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Monday, 13 April 2015

Answers to Readers

How does one know one is through the passive purgation?

Here is what Garrigou-Lagrange has to say about this.  As usual, my comments in blue.

Having described and explained the passive purification of the spirit and pointed out the rules of direction which should be followed, we shall now set forth its effects on the soul when borne with generosity.

These effects show the end for which God thus purifies His servants. He does so that the higher part of the soul may be supernaturalized and prepared for divine union, as the sensible part must be spiritualized or wholly subjected to the spirit. Among these effects some are negative, consisting in the suppression of defects; others are positive and are profound especially in the perfection they give to the virtues in the elevated part of the soul, principally humility and the theological virtues.

Supernaturalized is a word I have used on this blog before. The senses must be completely taken into a realm of total detachment. The effects, negative and positive, can be seen fairly clearly.


These effects are visible in the progressive disappearance of distractions, dullness of spirit, and the need of external dissipation or of finding consolation. 

Distractions come from the sin of intemperance, and the lack of training of the intellect and will. Dullness of spirit is sloth and/or acedia. External dissipation is spending money irresponsibly, drinking and eating too much, watching too many movies, TV, or playing computer games. The list is endless. Dissipation for many Americans, as I noted in the consumerism post, can be shopping and spending money for non-necessities.

Self-love or subtle egoism gradually disappears. The result is that the soul is less subject to illusions, for it lives increasingly by its higher part, into which the enemy cannot penetrate. God alone penetrates the innermost depths of the heart and spirit. Doubtless the devil still multiplies his temptations, but if the soul takes refuge in its center, where God dwells, the enemy cannot harm it and even cannot know but can only conjecture what is taking place in it; the intimate secrets of hearts escape him.(1)

 Some people think they are humble because they are not rich, or have humble jobs. This "subtle egotism" most likely is a form of narcissism. The "me" generation only thinks of themselves and ignores consequences.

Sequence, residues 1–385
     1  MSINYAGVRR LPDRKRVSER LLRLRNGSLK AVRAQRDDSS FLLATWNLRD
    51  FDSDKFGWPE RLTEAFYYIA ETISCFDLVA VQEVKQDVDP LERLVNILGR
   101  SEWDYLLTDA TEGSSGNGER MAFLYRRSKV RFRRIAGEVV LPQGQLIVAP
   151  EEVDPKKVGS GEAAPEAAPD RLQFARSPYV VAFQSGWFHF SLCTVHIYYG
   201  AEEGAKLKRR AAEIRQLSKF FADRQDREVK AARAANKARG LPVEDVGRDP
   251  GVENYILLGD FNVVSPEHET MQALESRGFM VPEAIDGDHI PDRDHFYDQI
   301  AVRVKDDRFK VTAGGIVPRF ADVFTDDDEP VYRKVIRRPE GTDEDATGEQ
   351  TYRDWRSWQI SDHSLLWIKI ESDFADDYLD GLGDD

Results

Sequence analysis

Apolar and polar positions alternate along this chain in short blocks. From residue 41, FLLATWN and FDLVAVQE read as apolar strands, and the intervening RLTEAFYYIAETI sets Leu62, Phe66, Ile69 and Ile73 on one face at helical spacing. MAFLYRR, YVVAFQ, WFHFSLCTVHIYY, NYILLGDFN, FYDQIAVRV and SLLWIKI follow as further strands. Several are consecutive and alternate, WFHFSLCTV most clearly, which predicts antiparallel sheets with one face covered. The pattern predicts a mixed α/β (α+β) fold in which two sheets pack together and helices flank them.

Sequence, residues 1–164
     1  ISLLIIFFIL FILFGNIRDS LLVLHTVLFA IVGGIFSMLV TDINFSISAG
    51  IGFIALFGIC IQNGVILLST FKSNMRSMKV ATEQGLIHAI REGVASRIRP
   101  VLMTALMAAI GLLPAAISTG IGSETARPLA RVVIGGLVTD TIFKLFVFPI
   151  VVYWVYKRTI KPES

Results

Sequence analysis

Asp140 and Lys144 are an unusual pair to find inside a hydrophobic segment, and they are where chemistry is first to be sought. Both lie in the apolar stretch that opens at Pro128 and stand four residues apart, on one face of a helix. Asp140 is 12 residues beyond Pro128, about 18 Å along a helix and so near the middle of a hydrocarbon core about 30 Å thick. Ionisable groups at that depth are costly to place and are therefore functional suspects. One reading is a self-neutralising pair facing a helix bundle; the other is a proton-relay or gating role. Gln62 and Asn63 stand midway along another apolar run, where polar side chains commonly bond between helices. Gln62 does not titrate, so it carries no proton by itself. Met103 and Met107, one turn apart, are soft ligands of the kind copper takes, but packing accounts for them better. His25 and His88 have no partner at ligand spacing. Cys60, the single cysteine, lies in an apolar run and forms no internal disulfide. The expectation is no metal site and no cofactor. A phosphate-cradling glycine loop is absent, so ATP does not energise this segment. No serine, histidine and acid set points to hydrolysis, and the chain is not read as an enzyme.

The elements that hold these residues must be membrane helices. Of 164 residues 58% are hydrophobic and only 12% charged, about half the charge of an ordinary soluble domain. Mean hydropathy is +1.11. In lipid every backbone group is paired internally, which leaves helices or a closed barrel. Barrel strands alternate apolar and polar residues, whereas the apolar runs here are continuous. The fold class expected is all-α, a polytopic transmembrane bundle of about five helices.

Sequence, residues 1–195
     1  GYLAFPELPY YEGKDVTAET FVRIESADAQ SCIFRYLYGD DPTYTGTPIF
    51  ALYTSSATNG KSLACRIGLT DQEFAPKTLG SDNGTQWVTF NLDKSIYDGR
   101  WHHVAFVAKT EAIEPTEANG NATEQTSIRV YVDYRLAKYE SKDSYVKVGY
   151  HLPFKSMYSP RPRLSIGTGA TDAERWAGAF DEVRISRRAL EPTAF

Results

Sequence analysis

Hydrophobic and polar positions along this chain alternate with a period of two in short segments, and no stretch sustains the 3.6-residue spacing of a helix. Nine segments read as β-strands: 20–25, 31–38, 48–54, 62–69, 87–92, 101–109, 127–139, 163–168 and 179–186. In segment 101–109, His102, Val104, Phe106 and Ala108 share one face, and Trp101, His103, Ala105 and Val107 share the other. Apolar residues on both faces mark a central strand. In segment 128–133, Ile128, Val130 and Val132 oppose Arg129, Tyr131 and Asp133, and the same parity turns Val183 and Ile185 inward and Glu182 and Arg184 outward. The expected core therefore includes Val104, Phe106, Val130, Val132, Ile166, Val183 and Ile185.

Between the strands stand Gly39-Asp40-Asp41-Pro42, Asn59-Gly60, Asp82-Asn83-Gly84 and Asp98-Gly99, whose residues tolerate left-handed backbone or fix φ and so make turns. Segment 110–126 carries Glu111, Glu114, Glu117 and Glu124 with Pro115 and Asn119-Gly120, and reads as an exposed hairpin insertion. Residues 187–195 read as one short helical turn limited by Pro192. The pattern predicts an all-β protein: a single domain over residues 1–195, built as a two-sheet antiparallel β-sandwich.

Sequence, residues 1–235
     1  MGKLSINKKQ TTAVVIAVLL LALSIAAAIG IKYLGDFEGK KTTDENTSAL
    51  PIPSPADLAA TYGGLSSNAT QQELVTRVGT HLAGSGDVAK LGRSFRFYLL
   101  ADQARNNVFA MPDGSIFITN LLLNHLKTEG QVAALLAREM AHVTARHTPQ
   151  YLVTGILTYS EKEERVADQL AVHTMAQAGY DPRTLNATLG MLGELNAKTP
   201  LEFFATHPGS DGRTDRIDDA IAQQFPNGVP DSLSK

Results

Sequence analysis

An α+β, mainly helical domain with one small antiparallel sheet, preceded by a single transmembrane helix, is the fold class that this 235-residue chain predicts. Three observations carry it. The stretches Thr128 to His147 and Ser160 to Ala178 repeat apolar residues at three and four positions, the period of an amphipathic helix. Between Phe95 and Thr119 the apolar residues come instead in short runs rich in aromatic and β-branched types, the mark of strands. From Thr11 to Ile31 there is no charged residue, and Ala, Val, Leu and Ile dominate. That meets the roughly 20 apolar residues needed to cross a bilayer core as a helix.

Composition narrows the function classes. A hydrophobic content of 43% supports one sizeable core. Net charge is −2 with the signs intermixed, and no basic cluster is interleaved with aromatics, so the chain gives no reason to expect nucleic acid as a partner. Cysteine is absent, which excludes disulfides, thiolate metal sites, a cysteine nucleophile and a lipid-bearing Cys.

Fantasies and illusions form part of this life of subtle egotism and self-love.  Only grace allows one to see the depth of sin. When one is humbled, one finds God.

Thankfully, God protects us with His grace. The demons cannot see into our minds and in that special place wherein God dwells.

This purification removes many other defects in our relations with our neighbor or in respect to our duties of state: a certain natural rudeness, which leads to impatience; an a most unconscious secret ambition, the cause of many disorders and divisions among people; and also a lack of interest in the occasionally great needs of our afflicted neighbor who turns to us for help. 

How I know these things. Mercy is given when we are humbled ourselves. It is sad that so many people's real needs are ignored.

It is in this state that those who have the duty of caring devotedly for others, possess a deeper understanding of Christ's words: "The good shepherd giveth his life for his sheep. But the hireling, and he that is not the shepherd, whose own the sheep are not, seeth the wolf coming and leaveth the sheep and flieth; and the wolf catcheth and scattereth the sheep." (2) 

Peter Pans and Peter Pams are hirelings, only considering themselves and their own needs. Others exist merely to serve them. They lack the commitment of true charity.

To profit by these words, we should ask the Lord to give us an increase of true zeal, the patient, gentle, disinterested zeal which draws life from God to give it in greater measure to our neighbor.

One can stop here for a moment and pray for patience, gentleness, disinterested zeal, for without these one is incapable of really helping a neighbor, or building up the Church.

To be continued....